PARIS • France's Socialist candidates sought to fight widespread pessimism about their party's chances in this year's presidential election as they held their first televised debate ahead of a primary contest later this month.
More than 21/2 hours of intense discussion on Thursday saw the seven candidates frequently clashing over the term of outgoing Socialist President Francois Hollande that has demoralised and fractured the French left.
Recent polls suggest that whoever wins the Socialist primary, to be held on Jan 22 and Jan 29, would finish a humiliating fifth, or worse, if the election was held now.
Centrist ex-prime minister Manuel Valls has the most government experience among the candidates, but he faces a stern challenge from more left-wing rivals and past Cabinet colleagues Arnaud Montebourg and Benoit Hamon, polls show.
"We are here to debate in front of the French people to show that the left is still useful," Mr Valls said early in the debate, which was shown live on national television.
We are here to debate in front of the French people to show that the left is still useful.
FORMER PRIME MINISTER MANUEL VALLS
In office until last month, he was frequently forced to defend his and Mr Hollande's record, particularly over economic reforms rammed through Parliament despite deep unease in the party.
The discussion would have made uncomfortable viewing for the absent Mr Hollande, who decided not to seek re-election last month in the face of catastrophic polling numbers.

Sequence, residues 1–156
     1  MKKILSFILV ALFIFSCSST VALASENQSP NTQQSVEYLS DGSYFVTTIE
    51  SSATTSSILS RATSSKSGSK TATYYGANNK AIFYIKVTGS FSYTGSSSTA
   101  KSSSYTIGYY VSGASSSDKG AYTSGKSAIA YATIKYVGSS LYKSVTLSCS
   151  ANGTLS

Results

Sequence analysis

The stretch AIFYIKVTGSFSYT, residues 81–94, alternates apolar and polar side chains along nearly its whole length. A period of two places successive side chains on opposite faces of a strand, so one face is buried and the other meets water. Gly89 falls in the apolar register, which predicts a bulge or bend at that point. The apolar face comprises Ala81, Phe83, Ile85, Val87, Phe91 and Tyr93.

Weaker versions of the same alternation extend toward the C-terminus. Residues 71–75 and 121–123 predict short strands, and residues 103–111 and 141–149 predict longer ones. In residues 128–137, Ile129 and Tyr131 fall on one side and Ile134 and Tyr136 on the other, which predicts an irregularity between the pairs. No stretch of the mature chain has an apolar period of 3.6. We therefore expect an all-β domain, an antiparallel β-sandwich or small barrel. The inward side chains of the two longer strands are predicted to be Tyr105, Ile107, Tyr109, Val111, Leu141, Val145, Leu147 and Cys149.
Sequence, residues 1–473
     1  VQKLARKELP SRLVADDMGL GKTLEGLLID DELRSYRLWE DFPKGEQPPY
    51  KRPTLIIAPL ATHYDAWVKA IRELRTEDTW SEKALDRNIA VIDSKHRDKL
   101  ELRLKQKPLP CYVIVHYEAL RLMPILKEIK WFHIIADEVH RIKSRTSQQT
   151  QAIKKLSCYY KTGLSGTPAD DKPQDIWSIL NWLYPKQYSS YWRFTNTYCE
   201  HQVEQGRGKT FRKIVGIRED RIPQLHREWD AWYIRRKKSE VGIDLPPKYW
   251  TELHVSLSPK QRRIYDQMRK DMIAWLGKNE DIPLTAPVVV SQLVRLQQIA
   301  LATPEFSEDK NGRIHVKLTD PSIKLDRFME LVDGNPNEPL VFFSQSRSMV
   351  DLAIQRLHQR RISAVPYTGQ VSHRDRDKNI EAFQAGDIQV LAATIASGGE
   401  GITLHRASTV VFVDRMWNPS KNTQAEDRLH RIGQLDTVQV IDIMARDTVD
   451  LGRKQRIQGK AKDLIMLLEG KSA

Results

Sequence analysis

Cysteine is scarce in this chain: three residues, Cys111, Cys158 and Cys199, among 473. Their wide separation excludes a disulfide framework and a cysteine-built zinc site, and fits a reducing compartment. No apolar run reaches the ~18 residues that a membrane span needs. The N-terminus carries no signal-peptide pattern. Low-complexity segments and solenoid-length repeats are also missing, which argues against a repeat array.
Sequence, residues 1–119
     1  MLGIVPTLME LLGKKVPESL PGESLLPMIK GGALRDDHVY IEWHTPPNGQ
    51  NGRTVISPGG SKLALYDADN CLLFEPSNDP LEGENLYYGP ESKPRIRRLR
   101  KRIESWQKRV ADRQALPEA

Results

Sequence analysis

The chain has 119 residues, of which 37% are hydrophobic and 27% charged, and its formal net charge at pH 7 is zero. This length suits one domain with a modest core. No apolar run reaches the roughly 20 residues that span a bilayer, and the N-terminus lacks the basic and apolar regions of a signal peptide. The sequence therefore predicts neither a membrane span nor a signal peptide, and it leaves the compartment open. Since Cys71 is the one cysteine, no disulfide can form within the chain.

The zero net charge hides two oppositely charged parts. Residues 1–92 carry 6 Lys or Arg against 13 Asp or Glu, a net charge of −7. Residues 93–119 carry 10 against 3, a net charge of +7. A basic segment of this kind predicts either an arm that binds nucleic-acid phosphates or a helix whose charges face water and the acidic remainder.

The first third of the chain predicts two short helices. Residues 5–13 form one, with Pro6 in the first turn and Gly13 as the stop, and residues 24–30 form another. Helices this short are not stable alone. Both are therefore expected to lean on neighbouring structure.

Mr Montebourg, who was sacked from the government in 2014 after criticising Mr Hollande's economic policies, called the President's record "difficult to defend".
Earlier in the day, the high-profile Socialist mayor of Paris, Ms Anne Hidalgo, described Mr Hollande's four-year term in office as an "immense waste".
"We can win it in four months," Mr Montebourg said in concluding remarks, referring to the first round of the presidential vote in April. "Our biggest enemy is defeatism."
The charismatic former lawyer, who is a fierce critic of multinational companies and the European Union, wants to unleash a massive state spending plan to jump-start France's sluggish economy.
Polls currently predict that the election will come down to a second-round battle in May between right-wing nominee Francois Fillon and far-right candidate Marine Le Pen. Mr Fillon is currently forecast to win that contest.
The election is seen as highly unpredictable, however. The full range of candidates is still unknown and Western democracies are in a period of tumult due to a surge in anti-elite and anti-immigration feelings. French voters say jobs, security and immigration are among their top concerns.
The Socialists say they are expecting a few million voters to turn out to pick their contender in the two-round primary contest.